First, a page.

2021 has been a crazy year around the NFT ecosystem, especially in the art world. One of the main catalysts was the auction of the NFT “Everydays: the First 5000 Days” by Beeple, sold for $69 million by Christie’s last March.
On the other hand, in July, the Institute of Contemporary Art, Miami (ICA Miami), acquired through a gift from Eduardo Burillo CryptoPunks NFT #5293, according to Resnicow and Associates. But, until now there has been more NFT adoption in auction houses like Sotheby’s and Christie’s rather than in museums.
Why are museums lagging behind the NFTs?
Other than the ICA Miami getting an NFT, only a few other museums, like the British Museum in London, and the Hermitage Museum in St. Petersburg, have been involved in this world, according to Apollo art magazine.
According to TNW, some of the obstacles museums have when getting involved with the NFT world are: That NFTs are attached to cryptocurrencies which involve regulatory uncertainties and volatility; and the fact that an NFT could be an income-producing asset for a museum could bring different problems, such as limiting public access to the collection, proper reinvestment of the income received, and the possibility of an NFT collection being treated as a financial asset instead of art for display.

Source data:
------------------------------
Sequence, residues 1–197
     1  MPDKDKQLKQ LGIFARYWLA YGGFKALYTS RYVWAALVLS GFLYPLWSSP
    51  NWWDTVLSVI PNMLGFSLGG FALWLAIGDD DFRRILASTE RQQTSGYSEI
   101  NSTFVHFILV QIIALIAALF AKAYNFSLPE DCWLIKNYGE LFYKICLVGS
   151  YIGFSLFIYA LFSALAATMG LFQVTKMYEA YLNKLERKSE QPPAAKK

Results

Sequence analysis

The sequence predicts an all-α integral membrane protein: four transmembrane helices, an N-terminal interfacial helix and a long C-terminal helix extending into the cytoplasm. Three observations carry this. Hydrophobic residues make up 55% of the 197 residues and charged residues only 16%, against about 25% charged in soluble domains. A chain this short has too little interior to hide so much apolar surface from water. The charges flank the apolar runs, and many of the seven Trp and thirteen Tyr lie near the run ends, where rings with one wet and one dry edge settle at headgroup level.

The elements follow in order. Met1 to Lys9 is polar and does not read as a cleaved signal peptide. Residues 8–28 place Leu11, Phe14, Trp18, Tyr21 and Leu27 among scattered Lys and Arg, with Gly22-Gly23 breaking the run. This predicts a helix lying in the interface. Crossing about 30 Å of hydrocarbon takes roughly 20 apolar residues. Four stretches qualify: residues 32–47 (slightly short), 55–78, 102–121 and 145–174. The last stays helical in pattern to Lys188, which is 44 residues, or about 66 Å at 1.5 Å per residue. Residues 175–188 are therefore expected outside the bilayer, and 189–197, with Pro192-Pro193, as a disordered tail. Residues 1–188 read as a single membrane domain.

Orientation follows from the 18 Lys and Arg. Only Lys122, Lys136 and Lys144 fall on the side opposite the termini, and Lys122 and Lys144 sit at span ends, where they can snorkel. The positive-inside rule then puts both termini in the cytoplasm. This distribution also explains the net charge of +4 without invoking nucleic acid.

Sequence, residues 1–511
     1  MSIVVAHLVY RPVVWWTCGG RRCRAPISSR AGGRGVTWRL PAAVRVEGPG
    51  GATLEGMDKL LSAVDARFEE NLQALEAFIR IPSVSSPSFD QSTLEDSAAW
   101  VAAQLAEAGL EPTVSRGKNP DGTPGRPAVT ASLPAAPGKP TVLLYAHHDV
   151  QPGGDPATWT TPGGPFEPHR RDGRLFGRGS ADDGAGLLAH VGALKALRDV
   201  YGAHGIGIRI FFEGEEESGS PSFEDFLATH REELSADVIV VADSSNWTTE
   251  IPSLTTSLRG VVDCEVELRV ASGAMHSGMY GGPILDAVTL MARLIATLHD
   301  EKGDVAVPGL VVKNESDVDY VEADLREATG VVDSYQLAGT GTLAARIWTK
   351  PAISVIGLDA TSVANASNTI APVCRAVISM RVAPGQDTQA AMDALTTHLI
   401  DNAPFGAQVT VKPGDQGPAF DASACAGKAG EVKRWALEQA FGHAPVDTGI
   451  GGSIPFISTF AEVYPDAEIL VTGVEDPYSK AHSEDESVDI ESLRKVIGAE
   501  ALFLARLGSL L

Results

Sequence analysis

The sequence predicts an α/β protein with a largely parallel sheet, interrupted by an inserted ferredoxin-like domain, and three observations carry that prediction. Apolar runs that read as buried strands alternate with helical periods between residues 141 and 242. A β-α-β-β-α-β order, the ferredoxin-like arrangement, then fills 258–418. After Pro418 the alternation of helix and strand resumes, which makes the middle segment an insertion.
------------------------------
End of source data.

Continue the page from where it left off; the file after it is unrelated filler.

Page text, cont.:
Sotheby’s and Christie’s are changing the art world
Nowadays, the way we sell art pieces is changing, and Sotheby’s and Christie’s are taking the strings for this to happen.
November was a very important month for the NFT world. Last week, according to Christie´s website, they partnered with OpenSea to make the first on-chain auction called “Christie’s X OpenSea”, the exhibition will be available for the public in OpenSea from Dec. 1-3, and the bidding will be open from Dec. 4-7.
“My hope is that this will be the beginning of a new era for NFT sales at Christie’s, where amazing technology can be deployed to its full potential and facilitate the on-boarding of even more traditional contemporary art collectors to Web3,” said Noah Christie’s, head of Digital and Online sales.
Also, Sotheby’s accepted Ethereum (ETH) bids during the auction of two Banksy paintings. But one of the most important involvements of Sotheby’s in the NFT ecosystem was building a replica of their London auction house in a primer location in Decentraland metaverse where you can enter their gallery from anywhere in the world as referenced below.
The art industry is going digital. So far, museums and auction houses have taken a different approach with the NFT ecosystem. With these new metaverse trends, the art industry may continue to change.
Will a museum like the Louvre take a step forward and enter into a metaverse like Sotheby’s did? It’s hard to predict, but remember art museums explain history through art, NFTs will definitely be part of our history.
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